Tell me about a typical workout session.

I started doing Zumba on my Wii and it took off from there. For the first nine months, I woke up at 5 a.m. so I could do two hours (two full classes) of Zumba before I had to get my son up and ready for school and myself ready for work. For Christmas last year I bought myself a weight bench with a Photo courtesy of Miriam Fannie100-pound bar.

I have at least 20 workout DVDs that I rotate. I have Jillian Michaels, Billy Blanks' Tae Bo, Chalene Johnson's Turbo Jam, Rocking Body and Hip Hop Abs (Shaun T), three or four Zumba games on the Wii, Yoga and Pilates… you name it, I probably do or did it at some point! I can keep track of what I’ve done. It helps keep me focused.


Did you make changes to your diet? How are they different from previous attempts to lose weight and keep it off?

We no longer eat out except for the rare occasions that we eat Chinese buffet and even then I hit the salad and fruit bar first. I eat real food. I’m blessed that my husband enjoys cooking and uses fresh ingredients and tries to make healthy choices.

For example, a few days ago, he made grilled salmon filets with roasted garlic and lemon asparagus and twice-baked sweet potatoes. I pack my lunch for work every day, snacks and all!


How would you describe your diet now? Are there foods you avoid entirely?

I avoid packaged foods at all costs. Just because they say "veggie chips" doesn’t mean they’re good for you! I look at the fiber and protein content in all the food that I buy. We eat mostly fresh fruit and vegetables and, of course, meat. While I was in weight-loss mode I was restrictive with my carb intake (potatoes and whole wheat bread and pastas were eaten at a bare minimum) but now I try to just eat in moderation. I eat more fish and less red meat than I used to. I think soda is the devil! I’ve honestly never really had a problem with soda but I’ve noticed that many people who are overweight do. My issue was and still is with overeating carbs like bread and pasta and baked goods.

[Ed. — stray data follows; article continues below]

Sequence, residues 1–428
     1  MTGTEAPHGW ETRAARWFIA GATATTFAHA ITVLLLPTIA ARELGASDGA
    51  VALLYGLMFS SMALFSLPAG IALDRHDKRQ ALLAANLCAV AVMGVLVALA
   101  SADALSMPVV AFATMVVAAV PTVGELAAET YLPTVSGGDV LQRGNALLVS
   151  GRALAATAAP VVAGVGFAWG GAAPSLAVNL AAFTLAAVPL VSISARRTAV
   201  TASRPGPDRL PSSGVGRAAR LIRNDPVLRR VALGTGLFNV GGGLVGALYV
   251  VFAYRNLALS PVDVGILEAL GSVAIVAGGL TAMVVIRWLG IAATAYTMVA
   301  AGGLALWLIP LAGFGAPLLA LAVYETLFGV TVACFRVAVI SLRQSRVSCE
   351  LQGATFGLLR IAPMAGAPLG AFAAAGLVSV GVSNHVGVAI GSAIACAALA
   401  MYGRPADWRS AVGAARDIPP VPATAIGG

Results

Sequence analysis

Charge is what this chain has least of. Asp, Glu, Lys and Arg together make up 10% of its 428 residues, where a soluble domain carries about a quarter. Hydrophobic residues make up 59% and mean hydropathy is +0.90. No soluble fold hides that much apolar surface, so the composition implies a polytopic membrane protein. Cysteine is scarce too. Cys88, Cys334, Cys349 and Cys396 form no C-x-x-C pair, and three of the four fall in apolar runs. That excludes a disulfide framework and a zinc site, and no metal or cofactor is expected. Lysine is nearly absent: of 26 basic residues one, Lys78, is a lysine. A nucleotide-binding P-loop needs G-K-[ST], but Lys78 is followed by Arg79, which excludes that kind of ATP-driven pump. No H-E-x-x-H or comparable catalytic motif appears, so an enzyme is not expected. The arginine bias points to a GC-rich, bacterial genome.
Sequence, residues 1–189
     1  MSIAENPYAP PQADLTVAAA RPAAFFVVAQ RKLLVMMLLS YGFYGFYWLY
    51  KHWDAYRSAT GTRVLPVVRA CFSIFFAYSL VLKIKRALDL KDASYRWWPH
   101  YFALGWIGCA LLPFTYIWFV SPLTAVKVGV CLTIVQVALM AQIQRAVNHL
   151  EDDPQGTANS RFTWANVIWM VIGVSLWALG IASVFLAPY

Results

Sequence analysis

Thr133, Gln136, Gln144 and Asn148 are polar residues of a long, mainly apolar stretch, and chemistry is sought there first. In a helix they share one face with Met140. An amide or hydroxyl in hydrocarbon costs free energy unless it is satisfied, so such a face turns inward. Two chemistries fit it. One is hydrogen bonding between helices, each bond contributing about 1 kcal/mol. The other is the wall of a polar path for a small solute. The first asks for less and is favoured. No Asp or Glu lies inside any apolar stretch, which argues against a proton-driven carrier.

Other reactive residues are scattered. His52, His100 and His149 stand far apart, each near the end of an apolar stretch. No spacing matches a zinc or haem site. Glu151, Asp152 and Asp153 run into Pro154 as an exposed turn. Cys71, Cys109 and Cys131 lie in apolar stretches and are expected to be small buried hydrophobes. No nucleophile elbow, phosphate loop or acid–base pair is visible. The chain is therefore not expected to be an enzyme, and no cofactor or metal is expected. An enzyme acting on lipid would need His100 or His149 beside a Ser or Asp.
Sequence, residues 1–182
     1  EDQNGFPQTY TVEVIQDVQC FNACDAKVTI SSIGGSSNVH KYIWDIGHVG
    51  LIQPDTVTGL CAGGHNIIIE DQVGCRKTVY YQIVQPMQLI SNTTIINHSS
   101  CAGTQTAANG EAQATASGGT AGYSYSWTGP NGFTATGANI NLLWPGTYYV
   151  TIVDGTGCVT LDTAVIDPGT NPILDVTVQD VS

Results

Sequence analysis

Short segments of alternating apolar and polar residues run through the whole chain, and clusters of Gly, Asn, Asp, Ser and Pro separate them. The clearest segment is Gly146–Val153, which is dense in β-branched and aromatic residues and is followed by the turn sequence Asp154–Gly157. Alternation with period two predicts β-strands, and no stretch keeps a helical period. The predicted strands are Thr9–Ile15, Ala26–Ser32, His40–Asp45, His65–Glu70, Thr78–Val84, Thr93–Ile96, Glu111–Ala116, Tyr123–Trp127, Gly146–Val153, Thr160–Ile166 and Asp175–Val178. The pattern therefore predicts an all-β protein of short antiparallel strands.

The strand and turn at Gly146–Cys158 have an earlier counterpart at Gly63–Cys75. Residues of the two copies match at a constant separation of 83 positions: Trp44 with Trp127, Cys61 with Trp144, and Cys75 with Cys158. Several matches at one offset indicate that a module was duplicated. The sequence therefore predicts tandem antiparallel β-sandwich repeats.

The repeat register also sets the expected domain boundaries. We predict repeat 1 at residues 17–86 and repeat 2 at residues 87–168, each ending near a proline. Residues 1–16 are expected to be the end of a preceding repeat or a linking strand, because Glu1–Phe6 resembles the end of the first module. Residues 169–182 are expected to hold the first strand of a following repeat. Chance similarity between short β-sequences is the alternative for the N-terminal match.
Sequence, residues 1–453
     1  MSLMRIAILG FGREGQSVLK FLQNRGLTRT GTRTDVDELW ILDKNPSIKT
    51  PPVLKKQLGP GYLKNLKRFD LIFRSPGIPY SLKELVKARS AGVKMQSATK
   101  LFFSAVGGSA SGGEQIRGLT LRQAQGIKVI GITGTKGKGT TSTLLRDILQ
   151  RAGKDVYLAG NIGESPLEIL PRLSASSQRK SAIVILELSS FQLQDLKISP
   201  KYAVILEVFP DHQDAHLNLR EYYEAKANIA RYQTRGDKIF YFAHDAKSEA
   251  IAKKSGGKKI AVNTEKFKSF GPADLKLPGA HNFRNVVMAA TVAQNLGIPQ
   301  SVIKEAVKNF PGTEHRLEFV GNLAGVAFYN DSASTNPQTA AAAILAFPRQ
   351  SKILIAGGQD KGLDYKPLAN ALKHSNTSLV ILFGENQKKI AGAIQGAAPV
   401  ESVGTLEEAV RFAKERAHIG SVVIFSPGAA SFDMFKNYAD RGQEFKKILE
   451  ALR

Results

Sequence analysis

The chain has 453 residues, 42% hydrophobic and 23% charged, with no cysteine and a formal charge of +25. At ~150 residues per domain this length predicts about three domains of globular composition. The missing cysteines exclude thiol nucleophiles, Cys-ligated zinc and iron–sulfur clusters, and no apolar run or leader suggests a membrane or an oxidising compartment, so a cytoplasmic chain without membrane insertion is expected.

After especially intense workouts, do you find that you are hungrier than usual? Does this pose a challenge in terms of portions you consume? How do you manage hunger?

YES! I just drink A LOT of water and after I exercise I try to eat breakfast or dinner, depending on what time I work out. Protein shakes are great, too.


Do you have a go-to snack? What is it?

Celery and peanut butter! Or a frozen banana — those are my two favorites.


Do you keep a diary or use a fitness app, step counter or anything of the sort to track calories/activity?

Yes! I have a monthly white board hanging in my living room right next to the TV. It is a constant reminder that I need to get my workout in every day. (I have one Photo courtesy of Miriam Fannierest day.) I also measured out my food while I was in the process of losing weight. You’d be surprised to see the difference between an actual portion size and what you thought was a portion size — as much as double and possibly triple what you really need to eat.


What do you do when your routine gets disrupted? Say you get sick or go on vacation — something that stops you from working out for a few days to a week. How do you bounce back from that?

When my routine gets disrupted, I simply continue on. Like when I was sick for three days last month, I didn’t work out but I hit it hard with my weights and dumbbells on the following Saturday. I don’t give up! I just get back on the wagon and don’t dwell on my setbacks.


What advice would you give to someone who is ready to lose a significant amount of weight?

Be patient. It didn’t take a few months to put on the weight, so it won’t come off as easy as you’d hope. Losing weight is also a very emotional experience as well, especially if you have a lot of weight to lose. Be kind to yourself. Don’t let the negative voice in your head tell you that you can’t do it, because then you won’t. If you catch yourself feeling unworthy or anything negative tell yourself this: I am beautiful, I am capable and I am stronger than I was yesterday. I can do anything I set my mind out to do. Love yourself. Because if you can’t love yourself, then how can we expect others to love us?